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PICMG ISA / PCI Passive Backplane

The PCI/ISA industrial PC standard allows integrators of passive-backplane systems based on PC architectures access to the performance of PCI-based peripheral controllers, while maintaining compatibility between processor cards from multiple manufacturers and enabling continued use of existing ISA-based I/O. This is an overview of the standard and the thinking behind it.

Introduction

The development of PCs based on passive backplane technology has been driven by the needs of the industrial and Computer-Telephony Integration (CTI) markets. PC's designed for desktop use are based on motherboard architectures which fail to address a number of important requirements for industrial and CTI use.

A motherboard structure is inflexible and may require the replacement of the entire motherboard in order to repair or to upgrade the system. This, in turn, results in long system downtime, which may be tolerable in a system used for office applications, but which is totally unacceptable in a system which controls the core processes on which a business depends.

Many industrial and CTI applications require a large number of expansion slots for real-world I/O or speech cards. These are not available on motherboard-based PCs, while the overall construction of the motherboard and I/O expansion board system is not designed to cope with the environmental demands of many industrial paplications.

A passive-backplane architecture solves these problems by completely dispensing with the motherboard. In a passive backplane PC, a system bus is used to interconnect a plug-in processor board and multiple plug-in add-on boards. This architecture makes rapid repair by board substitution possible and system upgrades and changes are greatly simplified, with minimum resulting system downtime. There is considerable scope for system expansion, with up to 20 ISA slots available for I/O or speech cards. The rugged construction of a typical passivebackplane system provides reliable operation in an nidustrial environment.

PCI - An opportunity and a problem

While a passive backplane architecture solves the problems associated with the traditional motherboard architecture the rapidly increasing throughput of I/O systems presents new challenges. The data transfer requirements of fast disk sub-systems and high-speed networks are difficult to meet with an ISA or even a higher speed EISA I/O bus. At the same time, the Peripheral Comp-

nent Interconnect (PCI) has become a widely used el- ment in high-

volume personal computers and single-board computer designs. With a 32-bit data path and a bandwidth of up to 133 Mbytes/sec, PCI offers the throughput demanded by the latest I/O and storage devices.

The PCI interface is processor independent, operating on its own clock rather than that of the processor devices. Computer boards based on X86, PowerPC and Alpha AXP processors use PCI as the local bus The Alpha AXP microprocessor and many peripheral I/O controllers are already available with integral PCI interface. The widespread use of PCI brings economies of scale and resulting lower costs.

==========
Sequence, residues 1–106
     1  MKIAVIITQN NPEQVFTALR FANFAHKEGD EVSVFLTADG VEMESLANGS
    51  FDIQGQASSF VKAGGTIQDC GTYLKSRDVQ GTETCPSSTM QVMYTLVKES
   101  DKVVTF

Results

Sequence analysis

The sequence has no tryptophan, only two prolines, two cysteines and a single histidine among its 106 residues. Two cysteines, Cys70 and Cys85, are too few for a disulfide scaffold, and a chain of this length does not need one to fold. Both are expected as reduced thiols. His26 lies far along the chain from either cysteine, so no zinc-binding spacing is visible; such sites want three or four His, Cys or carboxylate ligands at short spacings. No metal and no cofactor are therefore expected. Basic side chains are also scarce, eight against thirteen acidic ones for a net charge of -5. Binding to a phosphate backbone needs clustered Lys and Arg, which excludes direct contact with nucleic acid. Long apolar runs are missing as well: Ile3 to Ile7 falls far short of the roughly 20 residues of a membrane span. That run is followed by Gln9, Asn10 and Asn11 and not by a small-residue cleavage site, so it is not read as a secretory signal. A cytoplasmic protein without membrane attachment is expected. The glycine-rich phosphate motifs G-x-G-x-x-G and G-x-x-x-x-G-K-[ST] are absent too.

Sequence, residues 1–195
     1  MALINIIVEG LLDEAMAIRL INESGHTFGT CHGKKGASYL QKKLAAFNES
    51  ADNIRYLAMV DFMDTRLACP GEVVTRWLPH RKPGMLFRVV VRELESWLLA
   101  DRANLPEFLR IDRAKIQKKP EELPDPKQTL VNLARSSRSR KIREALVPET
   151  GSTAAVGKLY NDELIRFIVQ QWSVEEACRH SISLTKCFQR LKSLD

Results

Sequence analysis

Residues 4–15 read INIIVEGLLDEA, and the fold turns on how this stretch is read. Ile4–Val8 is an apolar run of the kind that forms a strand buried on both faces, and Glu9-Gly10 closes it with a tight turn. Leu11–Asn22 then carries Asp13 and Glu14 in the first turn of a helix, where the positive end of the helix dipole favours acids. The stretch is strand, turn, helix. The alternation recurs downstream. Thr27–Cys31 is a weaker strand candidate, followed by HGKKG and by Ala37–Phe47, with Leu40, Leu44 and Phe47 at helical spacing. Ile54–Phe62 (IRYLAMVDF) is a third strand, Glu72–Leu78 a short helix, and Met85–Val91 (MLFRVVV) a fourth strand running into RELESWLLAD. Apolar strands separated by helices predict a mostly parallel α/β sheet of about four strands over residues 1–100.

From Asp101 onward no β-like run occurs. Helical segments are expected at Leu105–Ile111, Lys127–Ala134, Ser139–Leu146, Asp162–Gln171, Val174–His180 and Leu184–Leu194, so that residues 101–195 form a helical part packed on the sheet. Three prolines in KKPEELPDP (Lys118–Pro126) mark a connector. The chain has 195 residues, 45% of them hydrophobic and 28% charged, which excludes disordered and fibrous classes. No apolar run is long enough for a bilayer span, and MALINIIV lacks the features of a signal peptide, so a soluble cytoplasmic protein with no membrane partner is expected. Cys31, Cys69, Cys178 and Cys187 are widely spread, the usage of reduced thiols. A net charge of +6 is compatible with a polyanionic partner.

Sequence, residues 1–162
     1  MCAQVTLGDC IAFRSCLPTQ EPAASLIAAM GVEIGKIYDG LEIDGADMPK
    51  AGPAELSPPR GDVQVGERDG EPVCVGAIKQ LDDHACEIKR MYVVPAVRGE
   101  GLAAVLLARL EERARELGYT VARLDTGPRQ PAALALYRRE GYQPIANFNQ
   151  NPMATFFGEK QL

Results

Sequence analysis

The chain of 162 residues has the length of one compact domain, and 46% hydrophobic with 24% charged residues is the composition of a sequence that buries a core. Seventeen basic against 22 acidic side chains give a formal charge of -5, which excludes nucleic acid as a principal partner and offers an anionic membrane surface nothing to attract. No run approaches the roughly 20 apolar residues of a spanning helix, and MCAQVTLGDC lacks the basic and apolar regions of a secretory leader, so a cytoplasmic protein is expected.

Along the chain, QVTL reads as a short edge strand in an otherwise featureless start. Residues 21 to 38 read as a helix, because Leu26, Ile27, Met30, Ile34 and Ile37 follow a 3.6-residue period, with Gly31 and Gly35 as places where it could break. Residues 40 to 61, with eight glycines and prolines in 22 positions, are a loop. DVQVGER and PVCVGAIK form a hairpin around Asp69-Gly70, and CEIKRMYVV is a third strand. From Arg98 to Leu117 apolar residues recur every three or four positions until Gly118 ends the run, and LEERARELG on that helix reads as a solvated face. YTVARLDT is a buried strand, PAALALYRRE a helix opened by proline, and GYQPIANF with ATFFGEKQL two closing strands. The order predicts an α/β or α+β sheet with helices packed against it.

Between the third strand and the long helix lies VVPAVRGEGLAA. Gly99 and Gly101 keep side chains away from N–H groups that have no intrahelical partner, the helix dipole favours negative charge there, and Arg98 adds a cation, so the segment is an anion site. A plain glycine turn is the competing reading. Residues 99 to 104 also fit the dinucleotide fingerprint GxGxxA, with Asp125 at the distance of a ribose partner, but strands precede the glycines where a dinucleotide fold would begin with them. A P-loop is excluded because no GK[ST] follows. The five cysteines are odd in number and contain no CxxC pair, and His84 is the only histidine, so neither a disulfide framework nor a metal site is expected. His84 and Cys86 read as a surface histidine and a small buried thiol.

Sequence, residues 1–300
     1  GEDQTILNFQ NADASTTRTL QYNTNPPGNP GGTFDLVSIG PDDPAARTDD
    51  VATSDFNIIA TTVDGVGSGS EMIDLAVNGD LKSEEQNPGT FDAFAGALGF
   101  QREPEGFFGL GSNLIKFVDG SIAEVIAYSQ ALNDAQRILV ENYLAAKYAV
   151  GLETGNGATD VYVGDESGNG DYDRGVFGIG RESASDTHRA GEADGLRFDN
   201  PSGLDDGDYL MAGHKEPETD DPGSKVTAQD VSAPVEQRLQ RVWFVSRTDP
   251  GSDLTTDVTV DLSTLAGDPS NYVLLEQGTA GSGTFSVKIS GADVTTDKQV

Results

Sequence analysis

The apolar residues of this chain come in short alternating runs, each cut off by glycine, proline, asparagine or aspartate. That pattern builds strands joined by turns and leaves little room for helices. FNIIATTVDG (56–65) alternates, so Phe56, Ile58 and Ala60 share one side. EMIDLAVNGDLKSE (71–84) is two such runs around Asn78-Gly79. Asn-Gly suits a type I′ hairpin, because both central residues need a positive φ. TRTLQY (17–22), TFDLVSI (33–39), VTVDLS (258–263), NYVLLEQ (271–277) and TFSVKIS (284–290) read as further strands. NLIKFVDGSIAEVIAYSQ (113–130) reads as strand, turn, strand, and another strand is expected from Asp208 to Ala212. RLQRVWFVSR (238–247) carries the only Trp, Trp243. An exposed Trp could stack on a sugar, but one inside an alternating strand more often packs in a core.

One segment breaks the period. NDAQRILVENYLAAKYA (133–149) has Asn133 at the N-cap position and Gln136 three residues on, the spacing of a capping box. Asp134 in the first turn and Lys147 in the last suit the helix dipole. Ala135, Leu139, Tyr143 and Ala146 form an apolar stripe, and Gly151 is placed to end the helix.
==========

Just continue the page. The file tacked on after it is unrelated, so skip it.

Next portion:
The specification of a passive backplane PC architecture using PCI raises issues of vendor interoperability and standards. A passive-backplane system based solely on the ISA bus standard can simply adopt the ISA board format for the processor board, ensuring compatibility between plug-in SBCs and backplanes from multiple vendors. However, no suitable standard existed for an implementation which would support existing ISA I/O cards and allow the use of PCI for high-performance channels. Areas which required definition were:

The mechanical form-factor of a plug-in single board computer. The mechanical form-factor of the passive backplane. The logical interface between the single board computer and the passive backplane. Backplane slot-specific signals and pin assignments

It was therefore necessary to generate a specification for the implementation of PCI on a passive backplane sytem. In order to deliver the benefits of vendor interopeability and economies of scale, an open standard under the control of a independent specifying body wase-r quired. However, at the time no suitable group existed.

The Solution - PICMG and the PCI/ISA Industrial Standard

A group of industrial computer product vendors, with a long history of developing PC architecture products for industrial and embedded control, were aware of the encessity for a configuration standard for PCI and joined forces. In May 1994 the PCI Industrial Computer Manufacturers Group (PICMG) was established with the mission to define an industrial PCI/ISA passive backplane and CPU card interface specification . The PICMG technical committee generated a comprehensive specification for a passive backplane architecture to support both PCI and ISA I/O buses.

The PCI/ISA industrial standard provides a broad-based open standard designed to maximize interoperability with other standards. Key objectives of the specification were: